Electronic Data Interchange is a need that every business should begin to acknowledge and, upon realization, benefit from error-free and efficient documented business transactions. Before you start exploring options in the market flooded with EDI service providers, knowledge about the working of an EDI system. Towards this goal, in this article we about the all-you-need-to-know details of some common EDI file formats that EDI messages are composed in. It’s important to note that these are only the formats, and all use the .edi extension.
The ASC X12 (Accredited Standards Committee) is the most general of the EDI formats, and also the most widely used. ANSI specifies a wide list of document types, covering fields such as tax services, warehousing, finance, manufacturing, and logistics.
Probably the most significant of formats, the Electronic Data Interchange For Administration, Commerce and Transport was designed under the United Nations. The format has provisions that facilitate multi-country and multi-industry exchange, making it relevant in global transactions.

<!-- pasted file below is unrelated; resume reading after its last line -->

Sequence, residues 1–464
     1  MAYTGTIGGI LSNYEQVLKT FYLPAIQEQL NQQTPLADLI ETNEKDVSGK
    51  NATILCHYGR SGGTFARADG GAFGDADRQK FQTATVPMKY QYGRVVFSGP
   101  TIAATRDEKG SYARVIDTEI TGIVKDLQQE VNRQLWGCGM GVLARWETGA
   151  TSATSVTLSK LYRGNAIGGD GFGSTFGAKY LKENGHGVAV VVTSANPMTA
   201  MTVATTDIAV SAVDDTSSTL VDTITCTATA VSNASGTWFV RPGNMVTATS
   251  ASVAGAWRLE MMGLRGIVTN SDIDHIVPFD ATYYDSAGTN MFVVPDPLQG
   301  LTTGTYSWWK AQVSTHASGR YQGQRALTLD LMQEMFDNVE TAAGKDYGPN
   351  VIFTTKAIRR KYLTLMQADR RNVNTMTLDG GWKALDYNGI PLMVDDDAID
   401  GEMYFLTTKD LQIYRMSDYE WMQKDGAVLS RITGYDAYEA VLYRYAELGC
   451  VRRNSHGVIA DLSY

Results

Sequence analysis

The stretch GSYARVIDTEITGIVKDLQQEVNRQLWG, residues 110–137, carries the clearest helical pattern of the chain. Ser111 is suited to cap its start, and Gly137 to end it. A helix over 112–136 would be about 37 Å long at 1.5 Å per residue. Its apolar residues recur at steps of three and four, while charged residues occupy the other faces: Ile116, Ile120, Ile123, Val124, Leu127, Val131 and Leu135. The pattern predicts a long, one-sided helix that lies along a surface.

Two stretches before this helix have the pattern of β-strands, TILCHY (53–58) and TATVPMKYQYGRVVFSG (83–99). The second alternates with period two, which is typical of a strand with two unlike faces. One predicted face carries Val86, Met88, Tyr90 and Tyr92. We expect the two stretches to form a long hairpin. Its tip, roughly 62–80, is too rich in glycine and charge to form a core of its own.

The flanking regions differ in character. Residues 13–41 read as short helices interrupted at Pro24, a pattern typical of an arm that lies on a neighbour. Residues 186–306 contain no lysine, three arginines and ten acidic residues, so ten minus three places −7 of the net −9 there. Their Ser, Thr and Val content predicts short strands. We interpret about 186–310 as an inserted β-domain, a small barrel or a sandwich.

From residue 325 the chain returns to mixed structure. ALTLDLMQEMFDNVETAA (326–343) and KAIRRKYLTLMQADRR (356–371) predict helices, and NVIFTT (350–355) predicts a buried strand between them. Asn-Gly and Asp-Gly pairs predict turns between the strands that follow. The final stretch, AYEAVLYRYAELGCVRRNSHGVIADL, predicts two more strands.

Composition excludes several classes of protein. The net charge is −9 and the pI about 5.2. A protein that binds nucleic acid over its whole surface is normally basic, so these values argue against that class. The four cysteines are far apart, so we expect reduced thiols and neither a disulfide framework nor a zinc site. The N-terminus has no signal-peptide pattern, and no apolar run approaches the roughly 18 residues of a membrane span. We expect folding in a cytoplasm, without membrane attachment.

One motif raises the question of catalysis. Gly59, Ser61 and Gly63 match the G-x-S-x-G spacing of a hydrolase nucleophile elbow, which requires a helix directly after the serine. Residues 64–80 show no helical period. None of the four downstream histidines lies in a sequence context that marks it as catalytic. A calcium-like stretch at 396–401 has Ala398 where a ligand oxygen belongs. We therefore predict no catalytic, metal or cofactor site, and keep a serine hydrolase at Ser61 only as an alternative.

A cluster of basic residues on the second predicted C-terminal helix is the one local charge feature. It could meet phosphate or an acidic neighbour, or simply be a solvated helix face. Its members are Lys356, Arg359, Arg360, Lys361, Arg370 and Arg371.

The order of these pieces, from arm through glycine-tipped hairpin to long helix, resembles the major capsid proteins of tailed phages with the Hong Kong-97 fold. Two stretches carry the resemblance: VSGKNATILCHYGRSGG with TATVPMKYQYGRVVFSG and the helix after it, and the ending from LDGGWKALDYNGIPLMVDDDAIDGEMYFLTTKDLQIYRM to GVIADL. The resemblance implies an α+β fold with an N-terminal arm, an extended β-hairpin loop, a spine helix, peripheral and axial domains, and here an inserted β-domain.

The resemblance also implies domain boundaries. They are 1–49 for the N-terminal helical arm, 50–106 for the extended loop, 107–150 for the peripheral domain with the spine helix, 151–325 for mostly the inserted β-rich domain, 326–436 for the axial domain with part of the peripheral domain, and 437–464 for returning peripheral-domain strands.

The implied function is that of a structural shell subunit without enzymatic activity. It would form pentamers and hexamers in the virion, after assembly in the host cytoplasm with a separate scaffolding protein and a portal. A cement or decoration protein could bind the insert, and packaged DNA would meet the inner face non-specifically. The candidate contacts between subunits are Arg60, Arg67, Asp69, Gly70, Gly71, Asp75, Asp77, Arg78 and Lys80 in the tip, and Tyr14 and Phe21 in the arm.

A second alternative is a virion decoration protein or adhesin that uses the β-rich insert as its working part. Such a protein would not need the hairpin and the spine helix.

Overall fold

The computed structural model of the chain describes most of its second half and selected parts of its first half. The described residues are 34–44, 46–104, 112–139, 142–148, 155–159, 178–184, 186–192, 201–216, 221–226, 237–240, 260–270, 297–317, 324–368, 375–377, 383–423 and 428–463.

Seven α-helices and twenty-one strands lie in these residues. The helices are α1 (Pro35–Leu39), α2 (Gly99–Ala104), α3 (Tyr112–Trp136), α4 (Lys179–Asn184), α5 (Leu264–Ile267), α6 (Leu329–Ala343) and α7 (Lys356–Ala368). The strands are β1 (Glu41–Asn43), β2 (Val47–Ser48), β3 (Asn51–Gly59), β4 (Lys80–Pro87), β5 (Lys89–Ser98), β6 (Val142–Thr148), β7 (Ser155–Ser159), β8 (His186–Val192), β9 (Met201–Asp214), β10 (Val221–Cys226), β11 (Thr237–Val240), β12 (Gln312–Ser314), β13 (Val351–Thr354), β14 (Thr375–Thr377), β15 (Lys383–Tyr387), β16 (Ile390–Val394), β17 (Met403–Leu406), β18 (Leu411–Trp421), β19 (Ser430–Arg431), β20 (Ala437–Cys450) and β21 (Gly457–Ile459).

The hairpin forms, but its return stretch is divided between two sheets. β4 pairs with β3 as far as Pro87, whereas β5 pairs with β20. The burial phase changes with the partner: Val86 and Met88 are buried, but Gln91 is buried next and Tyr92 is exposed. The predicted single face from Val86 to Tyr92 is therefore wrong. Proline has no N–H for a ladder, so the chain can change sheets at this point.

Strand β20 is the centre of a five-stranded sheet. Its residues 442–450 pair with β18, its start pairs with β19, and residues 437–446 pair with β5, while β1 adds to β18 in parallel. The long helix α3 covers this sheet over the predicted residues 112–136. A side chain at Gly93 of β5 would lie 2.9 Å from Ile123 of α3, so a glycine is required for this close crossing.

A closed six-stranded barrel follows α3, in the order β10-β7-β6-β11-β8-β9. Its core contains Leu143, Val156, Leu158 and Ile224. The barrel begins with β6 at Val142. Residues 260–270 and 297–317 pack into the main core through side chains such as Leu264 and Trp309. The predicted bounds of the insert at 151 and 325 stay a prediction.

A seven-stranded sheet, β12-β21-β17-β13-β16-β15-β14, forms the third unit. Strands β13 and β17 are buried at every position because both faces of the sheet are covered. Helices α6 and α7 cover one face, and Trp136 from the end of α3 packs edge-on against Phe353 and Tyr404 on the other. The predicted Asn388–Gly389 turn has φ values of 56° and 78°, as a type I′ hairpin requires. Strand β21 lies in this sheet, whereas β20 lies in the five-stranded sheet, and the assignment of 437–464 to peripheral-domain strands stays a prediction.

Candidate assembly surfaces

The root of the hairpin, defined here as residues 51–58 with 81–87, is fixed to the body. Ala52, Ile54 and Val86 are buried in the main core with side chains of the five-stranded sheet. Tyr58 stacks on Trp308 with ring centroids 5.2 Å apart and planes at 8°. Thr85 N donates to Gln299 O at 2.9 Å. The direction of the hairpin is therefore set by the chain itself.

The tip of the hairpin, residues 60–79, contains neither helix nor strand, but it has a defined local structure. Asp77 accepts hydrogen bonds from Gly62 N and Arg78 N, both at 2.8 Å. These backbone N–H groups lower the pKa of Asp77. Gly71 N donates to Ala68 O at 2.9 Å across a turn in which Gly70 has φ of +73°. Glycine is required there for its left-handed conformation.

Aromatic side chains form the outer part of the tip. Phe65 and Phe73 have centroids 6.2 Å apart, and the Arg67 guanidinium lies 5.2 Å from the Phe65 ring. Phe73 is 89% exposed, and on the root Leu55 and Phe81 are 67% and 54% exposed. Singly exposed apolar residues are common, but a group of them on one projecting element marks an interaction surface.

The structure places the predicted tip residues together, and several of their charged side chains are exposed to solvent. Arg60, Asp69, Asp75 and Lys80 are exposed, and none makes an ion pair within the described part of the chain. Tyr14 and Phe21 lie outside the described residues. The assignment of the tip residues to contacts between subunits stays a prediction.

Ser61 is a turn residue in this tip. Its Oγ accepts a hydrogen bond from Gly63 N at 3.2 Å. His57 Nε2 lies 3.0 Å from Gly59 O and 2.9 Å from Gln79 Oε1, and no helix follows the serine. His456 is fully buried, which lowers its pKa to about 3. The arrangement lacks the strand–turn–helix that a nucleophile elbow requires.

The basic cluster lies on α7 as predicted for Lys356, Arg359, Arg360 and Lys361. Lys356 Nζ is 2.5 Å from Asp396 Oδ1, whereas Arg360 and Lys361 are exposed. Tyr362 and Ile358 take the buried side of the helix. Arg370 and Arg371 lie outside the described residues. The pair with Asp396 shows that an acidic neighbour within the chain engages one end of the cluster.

IDOC (or Intermediate Document) was designed by SAP to contain the data to be exchanged between two EDI systems. This format is commonly used in SAP ERP systems.
This format, specified in the GS1 system for information transactions, describes document types that are most common in retail sector, especially the UK retail industry. The message types in the TRADACOMS specification range from “buy/sell orders” to “supply details”.
EANCOM is another specification design by GS1 that has more detailed message designs for various document types including “credit advice”, “sales report”, and “inventory report”.
Open Applications Group Integration Specification is a standard developed by the Open Applications Group(OAGi). It is designed around the idea of interoperability of data formats between different companies. It implements XML in order to detailing business messages.
This format is used by the German Association of the Automotive Industry (or Verband der Automobilindustrie). The format specifies the EDI standard for various types of documents that are commonly shared amongst automobile manufacturers, parts manufacturers, and suppliers. Most businesses are unlikely to use the format unless they wish to transact with a member of the German automotive industry.
As you may infer, some formats are pretty general, like CSV or XML, while others are industry-specific, like the VDA for example, and only allow transmission of the specified message types.
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